All cars have a lower range at cold temperatures. This is the case for gas, diesel and electric. This is not only due to the need for cabin heating but also the air is denser, the tires have more rolling friction, the grease in the wheel bearings and elsewhere is thicker and has more drag etc. When I had an original Insight it would reach 57 mpg when it was 75F outside but only 42 when it was 15F outside. Rain or snow also reduces range due to increased drag on the car
Sorry, Dave, but I'm going to have to disagree. A PTC heater is a type if resistive heater, who's main advantage in an auto application is that there's no red hot piece of metal to starry a fire in an accident. Other than that, they're just as inefficient as every other resistive heater.https://link.springer.com/chapter/10.1007/978-3-642-11628-5_51
I think you are describing Peltier Effect from Thermoelectric that produces both heater on one side and cooling temperature on the other.
On the other, Tesla uses Air-PTC (Positive Temperature Coefficient) as shown in the diagnostic diagram above from the 17" of a Model S. It produces heat, not cooling temperature.
According to @Topher you can get instant heat from a properly designed heat pump, so because 6kW Tesla Air PTC gives me instant heat, does that mean Air-PTC a heat pump?
The MIT article:
"Tesla takes a different approach. Once you start driving, heat generated by the motor is used to heat up the battery. This approach is more efficient, since it uses waste heat rather than electricity. But it takes a while to work because the motor doesn’t produce much heat. As a result, it might take several minutes before the battery is warm enough to provide full acceleration."
which explains in cold winter, why I have to drive for a while to get regenerative brake and full power.
Hmmm... From what you guys say, there is no way a heat pump would save energy for me, or be 'better' in any way. I'm apparently cold blooded, or anemic, possibly both... Because to me, any temperature below 75 degrees Fahrenheit feels frigid. I'd rather sweat than shiver any day.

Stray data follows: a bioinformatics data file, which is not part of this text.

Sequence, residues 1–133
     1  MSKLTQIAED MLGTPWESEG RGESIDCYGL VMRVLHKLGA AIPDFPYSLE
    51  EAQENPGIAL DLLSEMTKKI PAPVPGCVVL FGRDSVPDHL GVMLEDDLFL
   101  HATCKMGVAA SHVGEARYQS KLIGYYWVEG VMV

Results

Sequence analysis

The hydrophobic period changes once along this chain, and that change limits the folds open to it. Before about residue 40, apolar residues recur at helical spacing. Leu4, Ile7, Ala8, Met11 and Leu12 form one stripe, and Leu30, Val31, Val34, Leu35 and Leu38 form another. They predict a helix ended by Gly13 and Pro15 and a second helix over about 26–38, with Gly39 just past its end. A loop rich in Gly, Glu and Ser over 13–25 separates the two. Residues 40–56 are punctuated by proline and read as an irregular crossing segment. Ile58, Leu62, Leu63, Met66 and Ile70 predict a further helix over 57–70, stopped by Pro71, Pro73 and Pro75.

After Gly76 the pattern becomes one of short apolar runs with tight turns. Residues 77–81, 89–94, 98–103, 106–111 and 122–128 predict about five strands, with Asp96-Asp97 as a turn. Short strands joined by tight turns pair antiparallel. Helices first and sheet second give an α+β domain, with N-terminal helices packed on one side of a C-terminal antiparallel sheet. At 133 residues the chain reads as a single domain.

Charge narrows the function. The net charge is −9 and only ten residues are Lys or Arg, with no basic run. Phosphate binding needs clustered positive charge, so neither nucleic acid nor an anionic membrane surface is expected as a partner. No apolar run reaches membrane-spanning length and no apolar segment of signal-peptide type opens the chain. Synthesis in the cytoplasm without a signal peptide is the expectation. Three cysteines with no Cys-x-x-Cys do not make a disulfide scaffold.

From what you guys are telling us, a heat pump basically works best between around 32 degrees Fahrenheit and 60 degrees Fahrenheit. Then, it ceases to be effective below 32 degrees Fahrenheit, just about the point I think I'm going to die from frostbite or exposure, but get a drink of coffee instead. I don't like cold -- at all, it sucks -- but above 32 degrees I can wear a sweater, jacket, or coat and still survive, more-or-less comfortably. Below freezing though, I want some [FOULING] ~*heat*~ to be flowing around me too. If that is a point where a heat pump effectively does ~*nothing*~, my vote is to NOT have one.
I also don't like clothes, I absolutely despise the 'layered look', and would prefer to never be more completely dressed than a T-shirt, jeans, and sneakers (while I'd be best suited to shorts and sandals). That's why I have lived somewhere pretty much devoid of actual weather for the past 32 years. I finally figured out that one of the main reasons I hate cold weather is that it demands I wear more clothes -- yuck. Other than that, cold simply feels like Death to me.
The heat pump will still produce heat below 32F, just not as efficiently as it did at 42F. There is a point soon thereafter where it is basically ineffective. When paired with the resistive heat coil like the post 2013 Leafs, it is supplemented by the resistive coil as need until it reaches a point of ineffectiveness economically. The selling point is that for probably the vast majority of the Model 3 market, the heat pump will be the primary heating device and more efficient than the heating coil for 90% of the heating chores, thus increasing range vs resistive coil only.
Does the 'Standard' interior have heated seats?
Premium Package got:
"Premium heated seating "
So for your question: it's a "no".
@Tâm "The water-to-air PTC heater on previous models was replaced with a 5kW airheating PTC heater"